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Fortschr Neurol Psychiatr. 1997 Nov;65(11):504-8.

[The development of criminal psychology in the work of Eugen Bleuler].

[Article in German]

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  • 1Psychiatrische Univ.-Klinik Zürich.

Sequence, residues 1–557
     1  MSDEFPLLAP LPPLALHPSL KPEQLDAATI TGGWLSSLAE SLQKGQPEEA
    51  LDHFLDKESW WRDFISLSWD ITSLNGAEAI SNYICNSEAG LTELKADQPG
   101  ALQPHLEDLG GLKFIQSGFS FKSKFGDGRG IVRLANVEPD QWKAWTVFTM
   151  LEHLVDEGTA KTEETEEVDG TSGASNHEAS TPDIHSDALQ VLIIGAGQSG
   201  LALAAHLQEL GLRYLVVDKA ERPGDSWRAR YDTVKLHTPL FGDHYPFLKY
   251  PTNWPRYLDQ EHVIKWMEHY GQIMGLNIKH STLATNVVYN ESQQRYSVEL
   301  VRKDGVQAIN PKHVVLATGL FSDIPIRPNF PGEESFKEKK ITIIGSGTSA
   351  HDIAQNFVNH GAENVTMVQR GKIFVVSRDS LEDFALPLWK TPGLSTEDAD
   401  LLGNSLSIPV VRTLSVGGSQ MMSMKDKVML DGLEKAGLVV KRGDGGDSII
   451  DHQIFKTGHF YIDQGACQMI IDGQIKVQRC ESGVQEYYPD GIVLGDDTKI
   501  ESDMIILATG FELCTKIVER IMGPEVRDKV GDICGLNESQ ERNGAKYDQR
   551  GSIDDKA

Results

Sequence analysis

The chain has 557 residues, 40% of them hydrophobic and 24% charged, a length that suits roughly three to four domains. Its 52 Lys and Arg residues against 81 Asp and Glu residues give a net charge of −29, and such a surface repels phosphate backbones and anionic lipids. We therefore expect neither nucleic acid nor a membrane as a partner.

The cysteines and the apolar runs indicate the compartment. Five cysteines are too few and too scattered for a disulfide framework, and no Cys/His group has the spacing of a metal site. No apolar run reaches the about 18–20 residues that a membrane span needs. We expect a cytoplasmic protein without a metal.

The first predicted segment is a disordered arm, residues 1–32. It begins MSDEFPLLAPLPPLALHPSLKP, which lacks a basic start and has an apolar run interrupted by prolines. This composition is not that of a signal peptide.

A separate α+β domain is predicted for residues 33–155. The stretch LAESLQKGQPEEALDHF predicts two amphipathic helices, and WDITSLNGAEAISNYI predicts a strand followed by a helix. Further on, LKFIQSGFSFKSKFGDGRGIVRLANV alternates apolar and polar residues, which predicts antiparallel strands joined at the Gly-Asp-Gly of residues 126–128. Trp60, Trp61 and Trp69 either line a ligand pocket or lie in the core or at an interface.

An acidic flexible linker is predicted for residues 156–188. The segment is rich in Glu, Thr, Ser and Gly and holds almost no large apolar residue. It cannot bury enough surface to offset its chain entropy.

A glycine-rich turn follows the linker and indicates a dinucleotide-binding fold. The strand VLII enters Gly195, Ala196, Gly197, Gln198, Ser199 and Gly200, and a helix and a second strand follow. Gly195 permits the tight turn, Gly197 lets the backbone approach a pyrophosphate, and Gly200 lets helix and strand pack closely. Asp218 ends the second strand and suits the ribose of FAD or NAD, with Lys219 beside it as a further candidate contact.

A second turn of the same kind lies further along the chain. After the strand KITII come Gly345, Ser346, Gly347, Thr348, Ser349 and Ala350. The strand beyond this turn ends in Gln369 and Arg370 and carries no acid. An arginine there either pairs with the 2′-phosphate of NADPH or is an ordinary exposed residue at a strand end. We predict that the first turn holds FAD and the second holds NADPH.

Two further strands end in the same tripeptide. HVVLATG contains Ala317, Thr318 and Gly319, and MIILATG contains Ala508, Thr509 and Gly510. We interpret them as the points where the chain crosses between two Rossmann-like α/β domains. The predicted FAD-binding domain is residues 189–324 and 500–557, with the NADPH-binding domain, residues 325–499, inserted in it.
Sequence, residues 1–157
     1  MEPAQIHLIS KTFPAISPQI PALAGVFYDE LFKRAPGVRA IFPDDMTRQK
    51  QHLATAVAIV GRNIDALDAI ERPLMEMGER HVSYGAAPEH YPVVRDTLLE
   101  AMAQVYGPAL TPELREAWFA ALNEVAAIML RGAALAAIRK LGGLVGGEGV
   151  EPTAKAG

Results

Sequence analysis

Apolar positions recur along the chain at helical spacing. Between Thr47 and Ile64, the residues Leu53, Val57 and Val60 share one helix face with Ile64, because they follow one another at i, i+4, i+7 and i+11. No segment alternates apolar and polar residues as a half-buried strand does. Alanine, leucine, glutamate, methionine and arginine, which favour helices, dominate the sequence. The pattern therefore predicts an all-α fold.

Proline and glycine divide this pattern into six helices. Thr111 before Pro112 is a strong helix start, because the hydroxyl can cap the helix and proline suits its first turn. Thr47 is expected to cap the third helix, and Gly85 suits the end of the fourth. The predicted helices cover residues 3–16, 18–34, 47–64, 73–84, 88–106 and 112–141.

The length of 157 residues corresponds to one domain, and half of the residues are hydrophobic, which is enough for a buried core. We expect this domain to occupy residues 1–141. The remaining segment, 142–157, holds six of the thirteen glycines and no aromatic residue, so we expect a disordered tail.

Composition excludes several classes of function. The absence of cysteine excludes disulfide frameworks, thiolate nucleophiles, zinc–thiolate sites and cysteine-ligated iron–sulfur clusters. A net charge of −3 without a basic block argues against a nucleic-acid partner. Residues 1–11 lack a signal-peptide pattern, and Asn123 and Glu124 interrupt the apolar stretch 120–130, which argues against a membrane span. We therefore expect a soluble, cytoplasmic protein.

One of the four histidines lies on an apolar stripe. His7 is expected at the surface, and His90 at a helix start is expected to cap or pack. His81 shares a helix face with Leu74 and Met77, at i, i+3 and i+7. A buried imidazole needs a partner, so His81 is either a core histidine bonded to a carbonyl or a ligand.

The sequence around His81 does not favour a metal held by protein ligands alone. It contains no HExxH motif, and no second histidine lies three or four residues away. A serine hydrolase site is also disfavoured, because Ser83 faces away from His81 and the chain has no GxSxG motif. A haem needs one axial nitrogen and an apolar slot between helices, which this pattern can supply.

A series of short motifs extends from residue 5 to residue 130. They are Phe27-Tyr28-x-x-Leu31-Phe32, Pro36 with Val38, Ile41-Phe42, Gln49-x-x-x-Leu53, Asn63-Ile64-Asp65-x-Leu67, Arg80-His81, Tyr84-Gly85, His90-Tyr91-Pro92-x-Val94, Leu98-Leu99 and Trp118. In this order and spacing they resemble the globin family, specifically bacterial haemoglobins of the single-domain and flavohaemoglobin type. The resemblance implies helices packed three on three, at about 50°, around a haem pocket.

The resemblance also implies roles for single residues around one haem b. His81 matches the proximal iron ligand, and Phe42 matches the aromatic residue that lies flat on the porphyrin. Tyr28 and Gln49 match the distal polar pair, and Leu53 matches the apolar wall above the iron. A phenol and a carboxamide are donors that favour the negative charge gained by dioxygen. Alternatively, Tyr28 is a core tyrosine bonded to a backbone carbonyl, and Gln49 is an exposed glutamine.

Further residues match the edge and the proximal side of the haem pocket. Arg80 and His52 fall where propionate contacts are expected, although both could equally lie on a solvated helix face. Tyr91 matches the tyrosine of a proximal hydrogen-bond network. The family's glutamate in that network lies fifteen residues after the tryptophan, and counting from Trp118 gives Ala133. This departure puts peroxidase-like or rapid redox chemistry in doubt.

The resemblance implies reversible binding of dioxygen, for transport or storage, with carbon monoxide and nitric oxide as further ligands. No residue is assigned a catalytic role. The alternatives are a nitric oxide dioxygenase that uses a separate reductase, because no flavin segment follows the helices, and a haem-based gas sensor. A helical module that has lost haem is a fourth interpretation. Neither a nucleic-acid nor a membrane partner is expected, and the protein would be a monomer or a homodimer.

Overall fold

The study refers to Eugen Bleuler's first systematic publications on "the natural born criminal" (1896) and his subsequent forensic-psychiatric expertise, written by Bleuler as Director of the psychiatric Department of Psychiatry of the University of Zurich ("Burghölzli"). It could be clearly shown that Bleuler was influenced by a deterministic understanding of human behaviour. He referred to the Anglo-American concept of "moral insanity" as a circumscribed defect of altruistic feelings despite other psychic functions being normal and tended to include this psychopathic deviation in psychiatry. Although this theoretic position remained unchanged, the elderly E. Beuler--under pragmatic points of view--accepted the traditional differentiation between mental illness in a narrower sense and "moral insanity" as a personality feature of most delinquents, falling under the responsibility of law and penal institutions. In his publications as emeritus (after 1927). Bleuler was influenced by the natural philosophic and vitalistic concept of the so-called "Minemism", which, however, still made him reject the postulate of "freedom of will".

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